ASK THE EX­PERT

MY DAUGH­TER’S FRIENDS ARE LEAV­ING HER OUT – WHAT CAN I DO?

Llanelli Star - - FAMILY HEALTH -

QMY 10-year-old daugh­ter is be­ing left out by her friends, and is up­set, which up­sets me. Is there any­thing I can do to help? A PAR­ENT­ING ex­pert Tanith Carey,

au­thor of The Friend­ship Maze (Sum­mers­dale, £10.99), says: “At some point, ev­ery child will come home say­ing they’ve been left out at school. But if your child was once part of a group, and now finds her­self al­ways on the side­lines, she may be be­ing de­lib­er­ately ex­cluded.

“There are many pos­si­ble rea­sons. It may be the child who has the most so­cial sta­tus sees your daugh­ter as a ri­val, wants to flex her so­cial mus­cles and your child is the eas­i­est tar­get, or your daugh­ter has bro­ken an un­writ­ten rule, which could be any­thing from wear­ing the ‘wrong’ shoes to lik­ing the ‘wrong’ band.

“Firstly, give lots of sup­port. This is tak­ing place within the so­cial microcosm of school from which your daugh­ter prob­a­bly feels there’s no es­cape. The fear of be­ing vis­i­bly alone at break or lunch may be so great that she may be ner­vous of go­ing to school.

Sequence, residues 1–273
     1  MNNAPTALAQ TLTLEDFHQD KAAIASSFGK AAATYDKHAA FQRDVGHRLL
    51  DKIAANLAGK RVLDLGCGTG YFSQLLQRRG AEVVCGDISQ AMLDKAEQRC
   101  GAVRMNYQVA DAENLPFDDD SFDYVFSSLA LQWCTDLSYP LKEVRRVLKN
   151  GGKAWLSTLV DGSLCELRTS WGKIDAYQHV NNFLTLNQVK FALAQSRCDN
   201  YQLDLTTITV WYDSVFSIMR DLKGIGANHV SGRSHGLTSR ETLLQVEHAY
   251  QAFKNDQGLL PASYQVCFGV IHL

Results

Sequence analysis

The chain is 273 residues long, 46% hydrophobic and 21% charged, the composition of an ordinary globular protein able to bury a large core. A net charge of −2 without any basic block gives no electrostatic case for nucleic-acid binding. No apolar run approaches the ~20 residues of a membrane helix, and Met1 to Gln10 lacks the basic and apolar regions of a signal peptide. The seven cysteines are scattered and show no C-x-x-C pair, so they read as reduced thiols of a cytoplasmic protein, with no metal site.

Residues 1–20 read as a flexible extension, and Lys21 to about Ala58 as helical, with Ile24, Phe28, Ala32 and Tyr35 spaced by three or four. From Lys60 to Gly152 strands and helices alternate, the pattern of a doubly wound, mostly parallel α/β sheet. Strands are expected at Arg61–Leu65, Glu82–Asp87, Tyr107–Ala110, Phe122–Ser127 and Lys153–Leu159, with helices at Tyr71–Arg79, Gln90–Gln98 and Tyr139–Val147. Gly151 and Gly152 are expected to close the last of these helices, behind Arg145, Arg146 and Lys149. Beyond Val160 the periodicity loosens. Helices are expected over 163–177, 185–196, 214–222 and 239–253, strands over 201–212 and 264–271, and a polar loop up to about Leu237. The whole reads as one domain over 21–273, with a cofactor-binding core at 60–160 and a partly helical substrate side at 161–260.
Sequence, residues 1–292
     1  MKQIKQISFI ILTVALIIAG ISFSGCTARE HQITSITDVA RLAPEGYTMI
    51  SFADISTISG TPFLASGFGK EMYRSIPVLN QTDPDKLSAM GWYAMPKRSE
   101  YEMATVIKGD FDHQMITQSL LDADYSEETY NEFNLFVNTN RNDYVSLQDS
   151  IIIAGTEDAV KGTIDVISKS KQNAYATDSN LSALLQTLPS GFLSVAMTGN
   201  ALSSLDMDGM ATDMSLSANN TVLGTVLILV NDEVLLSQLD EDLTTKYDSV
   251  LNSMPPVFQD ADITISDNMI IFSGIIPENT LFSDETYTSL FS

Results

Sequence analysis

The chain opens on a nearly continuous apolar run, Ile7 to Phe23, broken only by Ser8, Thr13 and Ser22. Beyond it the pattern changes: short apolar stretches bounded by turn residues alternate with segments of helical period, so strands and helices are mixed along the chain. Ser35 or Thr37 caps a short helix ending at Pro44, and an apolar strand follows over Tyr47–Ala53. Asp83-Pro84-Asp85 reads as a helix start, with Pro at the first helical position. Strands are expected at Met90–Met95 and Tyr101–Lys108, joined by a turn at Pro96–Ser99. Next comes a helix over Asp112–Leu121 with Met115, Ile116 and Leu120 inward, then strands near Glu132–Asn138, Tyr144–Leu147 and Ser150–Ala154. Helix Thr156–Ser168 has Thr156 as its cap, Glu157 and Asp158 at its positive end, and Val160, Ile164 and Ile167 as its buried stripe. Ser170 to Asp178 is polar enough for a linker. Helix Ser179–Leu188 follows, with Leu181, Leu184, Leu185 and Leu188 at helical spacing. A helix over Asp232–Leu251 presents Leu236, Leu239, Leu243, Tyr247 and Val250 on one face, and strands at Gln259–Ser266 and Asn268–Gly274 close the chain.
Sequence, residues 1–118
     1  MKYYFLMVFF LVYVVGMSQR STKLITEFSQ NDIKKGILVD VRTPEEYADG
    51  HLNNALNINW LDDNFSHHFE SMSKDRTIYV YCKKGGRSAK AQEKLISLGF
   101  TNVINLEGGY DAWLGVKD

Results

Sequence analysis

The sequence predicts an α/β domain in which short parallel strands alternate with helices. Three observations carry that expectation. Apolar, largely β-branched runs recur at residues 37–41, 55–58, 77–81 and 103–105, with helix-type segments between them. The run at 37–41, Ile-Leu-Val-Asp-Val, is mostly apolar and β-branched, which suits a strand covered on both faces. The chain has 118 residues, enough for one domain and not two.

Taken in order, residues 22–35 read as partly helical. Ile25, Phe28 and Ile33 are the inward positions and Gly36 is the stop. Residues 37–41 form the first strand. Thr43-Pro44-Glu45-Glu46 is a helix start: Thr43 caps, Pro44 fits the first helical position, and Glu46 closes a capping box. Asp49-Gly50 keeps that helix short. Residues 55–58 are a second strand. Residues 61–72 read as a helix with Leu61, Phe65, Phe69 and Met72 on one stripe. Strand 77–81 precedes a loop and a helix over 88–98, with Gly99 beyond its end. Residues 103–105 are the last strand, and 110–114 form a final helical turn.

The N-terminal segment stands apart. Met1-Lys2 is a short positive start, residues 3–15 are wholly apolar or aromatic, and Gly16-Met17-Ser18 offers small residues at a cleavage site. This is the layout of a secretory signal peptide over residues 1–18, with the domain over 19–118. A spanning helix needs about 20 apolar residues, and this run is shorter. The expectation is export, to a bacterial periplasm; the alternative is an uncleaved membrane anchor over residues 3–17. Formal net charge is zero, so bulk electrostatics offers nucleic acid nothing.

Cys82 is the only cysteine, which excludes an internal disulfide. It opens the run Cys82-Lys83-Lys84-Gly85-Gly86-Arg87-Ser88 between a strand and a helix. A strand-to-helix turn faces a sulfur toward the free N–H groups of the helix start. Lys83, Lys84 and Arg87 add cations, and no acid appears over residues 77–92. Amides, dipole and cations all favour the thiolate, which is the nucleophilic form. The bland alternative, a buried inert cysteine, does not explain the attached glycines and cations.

“Next, tell her about times you were left out at school, or had fall-outs with friends and how it didn’t last for­ever. To help her un­der­stand what’s hap­pened, ex­plain how cliques work too.

“Re­searchers have found that when­ever hu­mans form groups they as­sign each other roles. In girls’ cliques, it can be any­thing from Queen Bee, to Side­kick, Messenger, Tar­get or Wannabe.

“When you help your daugh­ter work out where she fits in, she’ll re­alise be­ing left out is mostly to do with clique pol­i­tics, not how like­able she is.

“Rather than wait­ing to be read­mit­ted, it may be time to help her daugh­ter move on. Be sup­port­ive and set up play dates with oth­ers. And don’t for­get to make sure your child sees her mates out­side school, so she knows she’s still liked out­side the fraught so­cial hi­er­ar­chy in class­rooms.

“Fi­nally, set aside one-on-one time – so she feels loved and val­ued by you.

“Re­mem­ber you are her first friend and your child will get the main mes­sages about how like­able she is di­rectly from you.”

Tanith Carey and her new book

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